NAICU Washington Update

Sequestration, Tax Increases, and Shutdowns, Oh My!

July 23, 2012

As Congress winds down its last two weeks of work before a five-week break, the inside-the-Beltway media are cranking out stories about the looming “fiscal cliff.”  That's the point at the end of this year when the Bush-era tax cuts expire, sequestration (explained below) automatically cuts $1.2 trillion from the budget, and the FY 2013 spending bills are expected to be done.

The conventional wisdom all year has been that Congress would start the budget process as usual, but then would complete appropriations bills and tax extenders in the already scheduled post-election lame-duck session - which miraculously would include some way to avoid the non-negotiable cuts ordered in last year’s Budget Control Act.  This bipartisan understanding is now morphing into a partisan anxiety attack:  What if Congress, while fighting for control of the wheel, actually does drive off the fiscal cliff?

These recent articles will give you a flavor of the issues at hand: 


In last summer’s Budget Control Act, Congress passed, and the president signed, a budget deal that cut $1 trillion in spending, and appointed the Joint Committee on Deficit Reduction - aka “the Super Committee” - to write legislation saving an additional $1.2 trillion over the next 10 years.  The penalty if the Super Committee failed to come up with a plan that Congress could approve was sequestration, or automatic spending cuts. 

Last November, the Super Committee did fail, and now a year after the Budget Control Act, Washington is fretting about how to avoid sequestration on January 3, 2013.

Sequestration is a budget mechanism that forces automatic spending cuts by the Office of Management and Budget (OMB).  It's tacit recognition that Congress failed in its job of making spending decisions.  The Budget Control Act calls for half of the cuts under sequestration to come from defense spending, and half to come from non-defense spending.  This means reductions of $500 billion in each category, with the remaining savings achieved through lower interest costs.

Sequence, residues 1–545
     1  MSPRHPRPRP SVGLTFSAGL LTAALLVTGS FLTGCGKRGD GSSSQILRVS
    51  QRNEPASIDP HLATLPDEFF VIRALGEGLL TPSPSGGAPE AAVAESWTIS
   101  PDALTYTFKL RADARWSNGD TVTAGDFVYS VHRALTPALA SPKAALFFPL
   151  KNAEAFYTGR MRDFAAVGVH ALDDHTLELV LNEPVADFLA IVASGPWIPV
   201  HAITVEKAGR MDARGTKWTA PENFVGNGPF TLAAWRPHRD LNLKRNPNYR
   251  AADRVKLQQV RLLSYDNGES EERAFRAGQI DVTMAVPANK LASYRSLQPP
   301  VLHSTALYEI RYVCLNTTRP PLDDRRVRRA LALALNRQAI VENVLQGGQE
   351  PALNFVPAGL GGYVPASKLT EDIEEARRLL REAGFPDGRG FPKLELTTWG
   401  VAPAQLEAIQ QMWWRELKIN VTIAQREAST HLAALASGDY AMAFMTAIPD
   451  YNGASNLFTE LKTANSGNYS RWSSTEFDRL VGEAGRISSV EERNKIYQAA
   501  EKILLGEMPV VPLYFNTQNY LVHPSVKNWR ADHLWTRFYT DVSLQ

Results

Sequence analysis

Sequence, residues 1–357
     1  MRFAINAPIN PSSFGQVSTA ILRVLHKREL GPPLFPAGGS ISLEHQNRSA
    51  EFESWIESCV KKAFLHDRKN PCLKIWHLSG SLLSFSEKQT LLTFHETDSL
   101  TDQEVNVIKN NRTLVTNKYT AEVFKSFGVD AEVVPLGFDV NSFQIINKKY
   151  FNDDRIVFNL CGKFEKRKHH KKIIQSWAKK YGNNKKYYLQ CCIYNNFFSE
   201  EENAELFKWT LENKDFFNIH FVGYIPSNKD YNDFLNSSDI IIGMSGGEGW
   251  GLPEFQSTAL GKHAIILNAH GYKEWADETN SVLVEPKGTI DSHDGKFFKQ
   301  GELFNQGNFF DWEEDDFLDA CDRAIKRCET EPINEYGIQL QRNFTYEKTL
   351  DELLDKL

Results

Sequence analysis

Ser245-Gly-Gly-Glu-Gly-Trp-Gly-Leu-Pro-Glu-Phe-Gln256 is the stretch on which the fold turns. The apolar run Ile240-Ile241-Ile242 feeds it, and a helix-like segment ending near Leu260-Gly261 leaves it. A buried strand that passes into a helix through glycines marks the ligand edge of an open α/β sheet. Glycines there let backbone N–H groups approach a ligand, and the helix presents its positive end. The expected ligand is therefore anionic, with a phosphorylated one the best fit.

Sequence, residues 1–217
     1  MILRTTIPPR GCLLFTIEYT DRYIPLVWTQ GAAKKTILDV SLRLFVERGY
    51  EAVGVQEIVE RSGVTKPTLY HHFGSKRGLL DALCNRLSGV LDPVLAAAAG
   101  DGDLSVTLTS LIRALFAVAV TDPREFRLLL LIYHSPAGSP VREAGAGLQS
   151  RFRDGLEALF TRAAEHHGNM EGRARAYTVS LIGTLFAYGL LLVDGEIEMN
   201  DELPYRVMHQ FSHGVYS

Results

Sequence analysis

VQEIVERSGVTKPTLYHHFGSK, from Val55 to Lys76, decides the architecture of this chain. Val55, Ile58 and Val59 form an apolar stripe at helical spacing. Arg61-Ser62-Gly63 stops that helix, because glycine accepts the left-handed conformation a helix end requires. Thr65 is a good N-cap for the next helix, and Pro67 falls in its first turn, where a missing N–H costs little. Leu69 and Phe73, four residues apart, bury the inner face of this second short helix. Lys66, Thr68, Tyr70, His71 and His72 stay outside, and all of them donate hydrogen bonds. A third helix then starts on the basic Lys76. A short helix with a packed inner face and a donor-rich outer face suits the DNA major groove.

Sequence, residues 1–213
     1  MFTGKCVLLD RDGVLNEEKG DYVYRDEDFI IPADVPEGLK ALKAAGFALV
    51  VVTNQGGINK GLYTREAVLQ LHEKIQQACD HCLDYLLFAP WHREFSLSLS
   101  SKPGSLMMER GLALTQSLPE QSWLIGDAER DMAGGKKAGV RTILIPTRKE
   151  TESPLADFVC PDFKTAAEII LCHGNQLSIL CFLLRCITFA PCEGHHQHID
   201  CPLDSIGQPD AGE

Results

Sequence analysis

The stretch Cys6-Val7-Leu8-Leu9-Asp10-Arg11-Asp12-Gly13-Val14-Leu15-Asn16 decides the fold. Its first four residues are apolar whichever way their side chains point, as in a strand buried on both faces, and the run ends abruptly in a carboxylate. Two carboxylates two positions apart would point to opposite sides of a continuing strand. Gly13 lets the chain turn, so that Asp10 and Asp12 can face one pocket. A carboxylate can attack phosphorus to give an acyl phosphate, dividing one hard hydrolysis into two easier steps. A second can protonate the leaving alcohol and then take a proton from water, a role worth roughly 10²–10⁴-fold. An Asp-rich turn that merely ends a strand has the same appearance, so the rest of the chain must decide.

Secretary of Defense Leon Panetta (who earlier was House Budget Committee Chairman, and director of OMB), congressional hawks, and the defense lobby have been loud and clear all year about how $500 billion in cuts to defense would hurt the nation's military efforts, eliminate jobs, and have a devastating impact on the economy. The non-defense community has been quieter in making its case, hoping the administration would release analyses of the impact of sequestration on various agencies, in support of protecting those areas. 

Now, however, with the temperature rising in the capital, and with no numbers coming out of the administration, the non-defense groups have created a coalition to garner Washington and grassroots support for domestic programs.  The NDD (non-defense discretionary) Coalition estimates that sequestration would translate into a nine percent cut across all programs next year.  This includes education, except Pell grants for 2013.  The NDD coalition sent this letter, with over 3,000 signatories, to Congress and the White House.  In it, the NDD Coalition outlines the problems for domestic programs if they were to be cut this deeply, and asks for a balanced approach to avoiding sequestration.   “Balanced approach” refers to including revenue increases and changes to entitlement programs as well as spending cuts.

At the same time, the American Association of School Administrators, which represents superintendents, released a report on the findings from their latest economic impact survey - the first in-depth look at how schools are responding to and planning for the deep cuts.  And, the Association of American Universities and the Association of Public Land-Grant Universities sent a joint letter to Congress, requesting the protection of research funding and a balanced approach to fixing the situation.